Public key cryptography provides the ability to use both digital certificates and digital signatures. A digital certificate can be attached to an e-mail or read within a browser, and is used to verify the identity of the certificate’s owner. It also provides proof of credibility, as it is obtained from a certification authority like Verisign. However, it is the discretion of the consumer to understand the process taken to authenticate the certificate owner. There are different certificate levels available which means some certificate owners may not be as trustworthy as others.

A digital signature aims to duplicate the process used for physical signatures by ensuring that a message arrives in its original form. It also validates the identity of the sender.

Solutions to manage risk: SECURE SOCKETS LAYER (SSL)

SSL is an example of an industry-wide encryption method standard used worldwide in e-commerce transactions to protect the online submission of sensitive customer information, such as credit card details. SSL uses public key encryption, including digital certificates.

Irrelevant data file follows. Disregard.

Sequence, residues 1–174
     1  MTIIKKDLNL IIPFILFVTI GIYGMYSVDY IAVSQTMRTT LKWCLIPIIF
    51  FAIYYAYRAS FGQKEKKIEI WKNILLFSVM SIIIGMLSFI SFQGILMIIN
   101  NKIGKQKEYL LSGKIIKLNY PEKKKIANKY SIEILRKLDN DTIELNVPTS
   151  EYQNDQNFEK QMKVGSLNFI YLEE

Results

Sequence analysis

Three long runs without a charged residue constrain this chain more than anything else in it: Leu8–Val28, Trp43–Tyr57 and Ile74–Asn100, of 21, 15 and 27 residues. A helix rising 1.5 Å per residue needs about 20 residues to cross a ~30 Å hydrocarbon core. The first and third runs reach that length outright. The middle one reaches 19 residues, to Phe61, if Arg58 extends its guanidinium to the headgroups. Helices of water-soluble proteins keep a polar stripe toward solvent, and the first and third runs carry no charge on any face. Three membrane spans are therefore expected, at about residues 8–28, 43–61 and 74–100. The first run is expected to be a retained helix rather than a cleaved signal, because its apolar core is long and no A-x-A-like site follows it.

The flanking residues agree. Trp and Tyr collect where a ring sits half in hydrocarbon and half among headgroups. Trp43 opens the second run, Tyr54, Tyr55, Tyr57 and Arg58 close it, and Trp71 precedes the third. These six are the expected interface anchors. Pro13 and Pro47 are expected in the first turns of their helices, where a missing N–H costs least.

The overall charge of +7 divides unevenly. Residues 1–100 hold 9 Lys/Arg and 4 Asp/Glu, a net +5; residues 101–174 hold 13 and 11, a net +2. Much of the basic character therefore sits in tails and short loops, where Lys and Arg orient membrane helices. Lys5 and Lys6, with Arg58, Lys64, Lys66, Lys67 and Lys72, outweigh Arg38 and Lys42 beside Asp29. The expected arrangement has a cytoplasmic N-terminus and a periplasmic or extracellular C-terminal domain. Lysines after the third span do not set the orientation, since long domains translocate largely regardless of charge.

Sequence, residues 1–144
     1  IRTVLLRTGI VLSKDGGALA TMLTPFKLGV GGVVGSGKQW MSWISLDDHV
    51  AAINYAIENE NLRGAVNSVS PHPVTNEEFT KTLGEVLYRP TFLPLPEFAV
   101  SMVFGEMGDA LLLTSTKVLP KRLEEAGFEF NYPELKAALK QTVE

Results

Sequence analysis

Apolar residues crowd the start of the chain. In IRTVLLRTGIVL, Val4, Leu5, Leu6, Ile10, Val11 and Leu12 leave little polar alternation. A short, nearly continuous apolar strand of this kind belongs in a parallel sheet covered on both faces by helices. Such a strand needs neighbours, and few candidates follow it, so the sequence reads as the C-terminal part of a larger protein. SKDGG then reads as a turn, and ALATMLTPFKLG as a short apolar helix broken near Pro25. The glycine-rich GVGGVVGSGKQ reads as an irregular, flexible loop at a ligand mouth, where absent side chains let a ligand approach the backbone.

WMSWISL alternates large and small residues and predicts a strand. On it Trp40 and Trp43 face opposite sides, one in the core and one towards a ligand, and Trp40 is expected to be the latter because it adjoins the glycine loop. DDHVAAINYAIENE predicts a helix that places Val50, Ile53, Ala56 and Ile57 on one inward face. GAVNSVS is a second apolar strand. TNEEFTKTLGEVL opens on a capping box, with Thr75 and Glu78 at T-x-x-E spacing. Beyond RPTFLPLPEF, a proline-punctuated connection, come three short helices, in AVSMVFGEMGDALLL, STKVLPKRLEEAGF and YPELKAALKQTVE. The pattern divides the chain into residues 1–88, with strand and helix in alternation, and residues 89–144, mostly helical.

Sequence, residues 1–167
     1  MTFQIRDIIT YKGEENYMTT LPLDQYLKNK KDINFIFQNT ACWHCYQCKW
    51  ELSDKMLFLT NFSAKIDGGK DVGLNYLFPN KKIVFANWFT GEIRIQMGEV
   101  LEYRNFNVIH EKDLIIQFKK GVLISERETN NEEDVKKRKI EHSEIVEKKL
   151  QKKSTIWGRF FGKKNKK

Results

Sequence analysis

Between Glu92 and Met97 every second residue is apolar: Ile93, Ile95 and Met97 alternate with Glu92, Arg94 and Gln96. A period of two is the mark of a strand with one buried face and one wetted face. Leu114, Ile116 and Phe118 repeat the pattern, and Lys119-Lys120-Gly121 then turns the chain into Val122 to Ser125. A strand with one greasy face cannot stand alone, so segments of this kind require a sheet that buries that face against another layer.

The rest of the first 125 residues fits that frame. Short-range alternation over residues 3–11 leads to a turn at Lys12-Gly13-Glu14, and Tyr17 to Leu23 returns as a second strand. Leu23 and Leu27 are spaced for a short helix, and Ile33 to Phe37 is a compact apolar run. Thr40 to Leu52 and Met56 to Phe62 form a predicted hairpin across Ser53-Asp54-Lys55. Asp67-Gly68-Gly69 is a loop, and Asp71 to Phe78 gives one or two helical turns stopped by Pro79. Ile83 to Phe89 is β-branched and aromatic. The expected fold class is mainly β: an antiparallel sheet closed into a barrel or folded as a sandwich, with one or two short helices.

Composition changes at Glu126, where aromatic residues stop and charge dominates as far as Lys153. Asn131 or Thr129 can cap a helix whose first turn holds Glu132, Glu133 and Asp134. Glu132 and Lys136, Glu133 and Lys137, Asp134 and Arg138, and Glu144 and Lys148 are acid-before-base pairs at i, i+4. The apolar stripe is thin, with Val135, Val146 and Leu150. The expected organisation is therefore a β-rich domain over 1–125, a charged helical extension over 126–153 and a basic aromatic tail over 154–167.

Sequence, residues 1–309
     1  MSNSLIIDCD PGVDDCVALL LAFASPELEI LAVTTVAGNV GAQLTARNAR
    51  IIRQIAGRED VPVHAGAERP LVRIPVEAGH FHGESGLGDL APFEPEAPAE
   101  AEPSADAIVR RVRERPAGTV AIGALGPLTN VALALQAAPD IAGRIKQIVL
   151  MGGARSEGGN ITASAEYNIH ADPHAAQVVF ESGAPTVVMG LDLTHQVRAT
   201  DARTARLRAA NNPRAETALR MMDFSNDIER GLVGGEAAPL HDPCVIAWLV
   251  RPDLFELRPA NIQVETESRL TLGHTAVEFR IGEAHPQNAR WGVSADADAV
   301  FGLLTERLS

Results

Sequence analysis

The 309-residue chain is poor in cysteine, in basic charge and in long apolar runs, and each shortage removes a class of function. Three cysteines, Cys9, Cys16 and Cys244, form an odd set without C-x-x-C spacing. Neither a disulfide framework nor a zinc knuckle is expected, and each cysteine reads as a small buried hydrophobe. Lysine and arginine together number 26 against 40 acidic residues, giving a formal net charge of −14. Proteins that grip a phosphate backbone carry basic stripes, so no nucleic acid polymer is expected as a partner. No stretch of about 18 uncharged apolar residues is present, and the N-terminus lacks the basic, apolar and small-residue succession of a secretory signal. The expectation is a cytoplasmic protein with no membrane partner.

Today, all web browsers support SSL, which is essentially transparent to users, with the exception of an icon (usually a lock or key) displayed at the bottom of a browser window that indicates when a website is secured.


Secure Electronic Transaction (SET) was launched in 1997 by MasterCard and Visa and is like SSL as it involves the use of public key encryption. The main difference between SET and SSL is that SET uses digital certificates for all involved parties, unlike SSL which has only recently introduced this feature to its latest versions. As a result, SET provides for better security authentication. As well, SET has better overall security. Unfortunately, it does have its drawbacks including a complex implementation and higher costs than SSL.